Fresh Peach Custard Ice Cream
Step 1 Place 3 cups freshly sliced peaches in a bowl (non metallic) and gently toss with 3/4 cup of sugar and 1 tablespoon of fresh lemon juice. Set aside.
Step 2 Scald 2 cups of milk in the top of a double boiler. (Be careful not to boil milk) In a medium bowl beat 3 egg yolks with 1 cup sugar and 1/4 tsp salt. Let scalded milk cool a few minutes, then pour it into the egg mixture and stir. Pour this combined mixture back into the double boiler and cook over medium heat until mixture will coat a spoon. Let mixture cool. Stir in 2 cups light cream and 4 teaspoons vanilla extract. Pour mixture into freezing can of your ice cream freezer and follow manufacturer's directions.
Step 3 Churn mixture until approximately half frozen, Then stir peaches into ice cream mixture. Continue with churning (freezing). Old Fashioned Ice Cream Recipes Bear Wallow Books ©1989

In 1888 Frozen Dainties was published by the makers of the White Mountain Freezer Company.

Endorsed by Mary Johnson Bailey (Mrs. D. A.) Lincoln; Mrs. Lincoln of Boston Cooking School fame, Frozen Dainties offered readers "Fifty Choice Receipts for Ice Creams, Frozen Puddings, Frozen Fruit, Frozen Beverages, Sherbets and Water Ices.

"...There are many ways of making the foundation for ice cream, and while I admit that the best "frozen dainties" need the addition of pure cream, I am not a believer in the doctrine advocated by many thast no good ice cream can be made without cream. The following recipes include all the best known and approved methods and from these one may select according to taste or means. Then, by varying the flavoring, ot the manner of serving, and with the help of a good ice cream freezer, a great variety of wholesome and attractive dishes may be made with very little expenditure of time and strength..."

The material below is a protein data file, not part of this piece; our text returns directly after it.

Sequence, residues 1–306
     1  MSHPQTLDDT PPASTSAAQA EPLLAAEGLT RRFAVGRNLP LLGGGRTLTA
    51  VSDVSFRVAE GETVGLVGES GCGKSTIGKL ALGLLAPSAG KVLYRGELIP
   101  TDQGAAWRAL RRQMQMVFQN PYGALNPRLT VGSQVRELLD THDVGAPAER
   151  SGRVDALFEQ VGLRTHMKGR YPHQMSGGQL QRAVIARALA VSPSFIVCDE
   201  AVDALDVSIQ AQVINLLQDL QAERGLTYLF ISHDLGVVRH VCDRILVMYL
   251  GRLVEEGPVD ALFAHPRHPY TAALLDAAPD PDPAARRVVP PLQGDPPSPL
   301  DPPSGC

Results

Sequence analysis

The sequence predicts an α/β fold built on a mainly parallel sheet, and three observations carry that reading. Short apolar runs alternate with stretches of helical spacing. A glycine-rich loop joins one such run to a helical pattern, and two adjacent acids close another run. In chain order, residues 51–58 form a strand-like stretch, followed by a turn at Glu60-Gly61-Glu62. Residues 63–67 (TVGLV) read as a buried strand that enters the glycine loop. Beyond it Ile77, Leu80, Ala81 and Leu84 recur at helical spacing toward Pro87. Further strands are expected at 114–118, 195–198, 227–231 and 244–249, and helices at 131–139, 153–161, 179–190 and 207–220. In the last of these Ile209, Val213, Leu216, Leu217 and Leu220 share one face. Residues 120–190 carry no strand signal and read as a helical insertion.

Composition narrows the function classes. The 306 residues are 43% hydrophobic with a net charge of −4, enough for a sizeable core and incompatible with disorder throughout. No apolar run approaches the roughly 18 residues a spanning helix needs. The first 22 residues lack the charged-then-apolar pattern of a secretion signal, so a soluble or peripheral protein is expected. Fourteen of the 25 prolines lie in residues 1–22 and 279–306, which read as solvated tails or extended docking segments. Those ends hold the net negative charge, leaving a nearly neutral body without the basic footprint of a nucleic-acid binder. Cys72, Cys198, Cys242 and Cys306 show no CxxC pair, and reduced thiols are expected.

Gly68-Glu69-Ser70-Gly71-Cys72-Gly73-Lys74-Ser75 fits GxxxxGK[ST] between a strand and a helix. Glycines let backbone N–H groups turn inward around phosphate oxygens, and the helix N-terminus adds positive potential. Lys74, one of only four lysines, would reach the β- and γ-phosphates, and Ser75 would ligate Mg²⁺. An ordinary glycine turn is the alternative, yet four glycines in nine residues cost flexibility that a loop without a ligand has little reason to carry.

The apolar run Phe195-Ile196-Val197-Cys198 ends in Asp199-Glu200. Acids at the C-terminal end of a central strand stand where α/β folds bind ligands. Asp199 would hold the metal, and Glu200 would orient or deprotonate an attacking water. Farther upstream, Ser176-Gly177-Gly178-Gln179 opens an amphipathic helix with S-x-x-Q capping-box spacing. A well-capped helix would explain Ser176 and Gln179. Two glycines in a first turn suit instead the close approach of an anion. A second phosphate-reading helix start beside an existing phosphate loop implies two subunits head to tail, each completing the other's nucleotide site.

1902 edition

The White Mountain Freezer looked like a bucket with handle and gears on top. The tub was made from Northern Pine which was treated to make it water proof. It was banded with galvanized iron hoops and the cans were made from a a heavy grade of charcoal tin plate while the outside was galvanized to prevent rust. Although there isn't a picture of the White Mountain Freezer in her first publication of the book, there is a rather detailed picture in the 1902 edition. Both these editions are from my personal collection. (click to enlarge)

As fascinating as this all is, and yes, I do find it all incredibly interesting, the most astonishing tidbit in this booklet comes from Mrs. Lincoln's recipe for "seedless" Strawberry Ice Cream. (although she simply calls it Strawberry ice Cream) Read through this recipe, I think you too will be impressed. Have you seen any seedless strawberry ice cream recipes lately?

Before we get to the "finale", I'd like to share a few other ice cream related items I have hanging around the house.

This Kopper Kettle, Sealtest Menu is undated but from the looks of the prices, I'm going to safely say it's vintage:)


This is an undated die-cut recipe book published by Hendler's Ice Cream Company founded by L. Manuel Hendler in 1905. That link will take you an article about Mr. Hendler and Kosher Ice Cream by Lisa Kelvin Tuttle. The Hendler Creamery in Baltimore Maryland was listed on the National Register of Historic Places in 2007.
Don't you just love these Ice Cream Cone Salt & Pepper Shakers circa 1973

And the Grand Finale Ice Cream Watermelon Bombe!

Thanks everyone for visiting! I would like to take a moment to wish Mae, the hostess of Mae's Food Blog and "toter" of the Artichokes Steamed and Dressed with Mayonnaise to the annual Picnic Game, a very Happy Birthday!!! Thanks Mae for being such a devoted follower and "friend." May you have many, many more!!! Louise:)